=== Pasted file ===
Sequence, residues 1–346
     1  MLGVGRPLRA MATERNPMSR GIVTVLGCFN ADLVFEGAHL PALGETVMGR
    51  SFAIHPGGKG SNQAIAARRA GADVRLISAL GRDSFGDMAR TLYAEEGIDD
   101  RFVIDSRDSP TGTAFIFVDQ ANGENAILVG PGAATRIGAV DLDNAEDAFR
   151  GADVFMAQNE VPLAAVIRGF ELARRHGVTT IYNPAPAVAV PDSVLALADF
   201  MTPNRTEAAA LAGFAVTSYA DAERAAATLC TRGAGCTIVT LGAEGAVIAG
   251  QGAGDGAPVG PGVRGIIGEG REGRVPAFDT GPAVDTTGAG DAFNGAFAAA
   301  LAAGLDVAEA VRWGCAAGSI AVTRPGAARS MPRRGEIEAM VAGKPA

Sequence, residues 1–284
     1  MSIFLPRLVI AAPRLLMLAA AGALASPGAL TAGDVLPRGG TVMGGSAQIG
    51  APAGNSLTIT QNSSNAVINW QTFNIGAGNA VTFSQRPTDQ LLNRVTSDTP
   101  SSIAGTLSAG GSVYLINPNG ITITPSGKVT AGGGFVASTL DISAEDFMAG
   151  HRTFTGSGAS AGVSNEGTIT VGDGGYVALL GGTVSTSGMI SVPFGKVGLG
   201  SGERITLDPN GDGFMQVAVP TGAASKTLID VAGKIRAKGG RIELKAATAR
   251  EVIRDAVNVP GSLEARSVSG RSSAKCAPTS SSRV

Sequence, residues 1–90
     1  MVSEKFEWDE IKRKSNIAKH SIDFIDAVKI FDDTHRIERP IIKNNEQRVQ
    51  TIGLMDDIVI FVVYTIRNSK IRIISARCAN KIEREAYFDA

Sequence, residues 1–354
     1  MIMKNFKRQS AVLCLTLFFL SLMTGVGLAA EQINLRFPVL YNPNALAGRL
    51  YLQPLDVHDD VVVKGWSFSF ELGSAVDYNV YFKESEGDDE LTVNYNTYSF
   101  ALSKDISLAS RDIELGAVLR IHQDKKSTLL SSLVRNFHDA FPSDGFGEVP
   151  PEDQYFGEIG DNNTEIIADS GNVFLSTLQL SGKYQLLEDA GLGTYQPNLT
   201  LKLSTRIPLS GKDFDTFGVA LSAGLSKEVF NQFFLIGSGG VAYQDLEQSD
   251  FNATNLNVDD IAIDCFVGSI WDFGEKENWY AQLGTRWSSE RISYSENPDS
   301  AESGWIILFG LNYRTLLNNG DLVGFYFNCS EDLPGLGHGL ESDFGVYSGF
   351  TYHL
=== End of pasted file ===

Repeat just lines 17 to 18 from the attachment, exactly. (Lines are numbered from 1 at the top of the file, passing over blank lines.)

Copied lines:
     1  MVSEKFEWDE IKRKSNIAKH SIDFIDAVKI FDDTHRIERP IIKNNEQRVQ
    51  TIGLMDDIVI FVVYTIRNSK IRIISARCAN KIEREAYFDA